Giving the FCC the authority to impose net neutrality on broadband service could cost more than $62 billion if providers pull back, a study says. Proposed regulation of high-speed Internet service providers by the U.S. government could cost the economy at least $62 billion annually over the next five years and eliminate 502,000 jobs, according to a study released by New York Law School. The report estimates that broadband providers and related industries may cut their investments by 10 percent to 30 percent from 2010 to 2015 in response to additional regulation. At 30 percent, the economy might sustain an $80 billion hit, according to Charles Davidson, director of the law school’s Advanced Communications Law & Policy Institute, which released the report on June 16. Read full report.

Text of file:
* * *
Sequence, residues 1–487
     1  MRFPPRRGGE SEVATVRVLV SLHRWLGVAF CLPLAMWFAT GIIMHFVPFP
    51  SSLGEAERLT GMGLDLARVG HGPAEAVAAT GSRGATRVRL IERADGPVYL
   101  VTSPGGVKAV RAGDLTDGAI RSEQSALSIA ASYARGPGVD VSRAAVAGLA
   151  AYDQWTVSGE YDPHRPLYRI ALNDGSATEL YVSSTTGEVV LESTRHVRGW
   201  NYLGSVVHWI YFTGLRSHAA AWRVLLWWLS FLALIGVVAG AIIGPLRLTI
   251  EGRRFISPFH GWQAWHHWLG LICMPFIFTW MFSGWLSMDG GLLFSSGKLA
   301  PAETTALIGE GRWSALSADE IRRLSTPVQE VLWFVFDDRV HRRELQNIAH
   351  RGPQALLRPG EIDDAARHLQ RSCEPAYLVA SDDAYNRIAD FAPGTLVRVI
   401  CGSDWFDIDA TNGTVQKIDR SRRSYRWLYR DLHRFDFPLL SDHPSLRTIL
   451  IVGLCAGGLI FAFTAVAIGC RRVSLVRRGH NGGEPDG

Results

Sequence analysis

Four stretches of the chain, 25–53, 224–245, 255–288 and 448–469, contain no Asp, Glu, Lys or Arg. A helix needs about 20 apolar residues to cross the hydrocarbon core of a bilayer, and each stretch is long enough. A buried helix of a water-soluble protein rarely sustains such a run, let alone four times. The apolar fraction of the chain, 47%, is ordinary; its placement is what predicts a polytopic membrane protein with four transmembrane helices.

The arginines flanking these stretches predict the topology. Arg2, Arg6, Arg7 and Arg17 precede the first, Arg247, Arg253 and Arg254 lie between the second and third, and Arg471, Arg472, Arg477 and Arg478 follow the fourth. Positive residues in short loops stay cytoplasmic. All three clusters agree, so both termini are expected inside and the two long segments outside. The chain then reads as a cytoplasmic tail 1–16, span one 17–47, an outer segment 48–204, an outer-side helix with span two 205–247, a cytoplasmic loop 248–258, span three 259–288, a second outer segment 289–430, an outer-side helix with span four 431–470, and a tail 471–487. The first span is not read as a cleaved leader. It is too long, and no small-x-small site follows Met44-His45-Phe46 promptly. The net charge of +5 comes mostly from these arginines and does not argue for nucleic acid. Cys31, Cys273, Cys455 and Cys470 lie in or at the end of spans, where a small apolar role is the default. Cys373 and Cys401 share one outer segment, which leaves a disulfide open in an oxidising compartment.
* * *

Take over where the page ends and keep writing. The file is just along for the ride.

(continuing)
Networking the Green Economy: How Broadband and Related Technologies Can Build a Green Economic Future
Progressive States Network /CWA report on broadband and information communication technologies having the potential of revolutionizing energy management and economic development. With less than 5 percent of the world’s population, the United States accounts for about a quarter of the world’s energy consumption. A poor communications infrastructure underlies much of our wasted energy use. In order to reduce energy, we must install new technologies that can monitor and more effectively use natural resources. Read full report.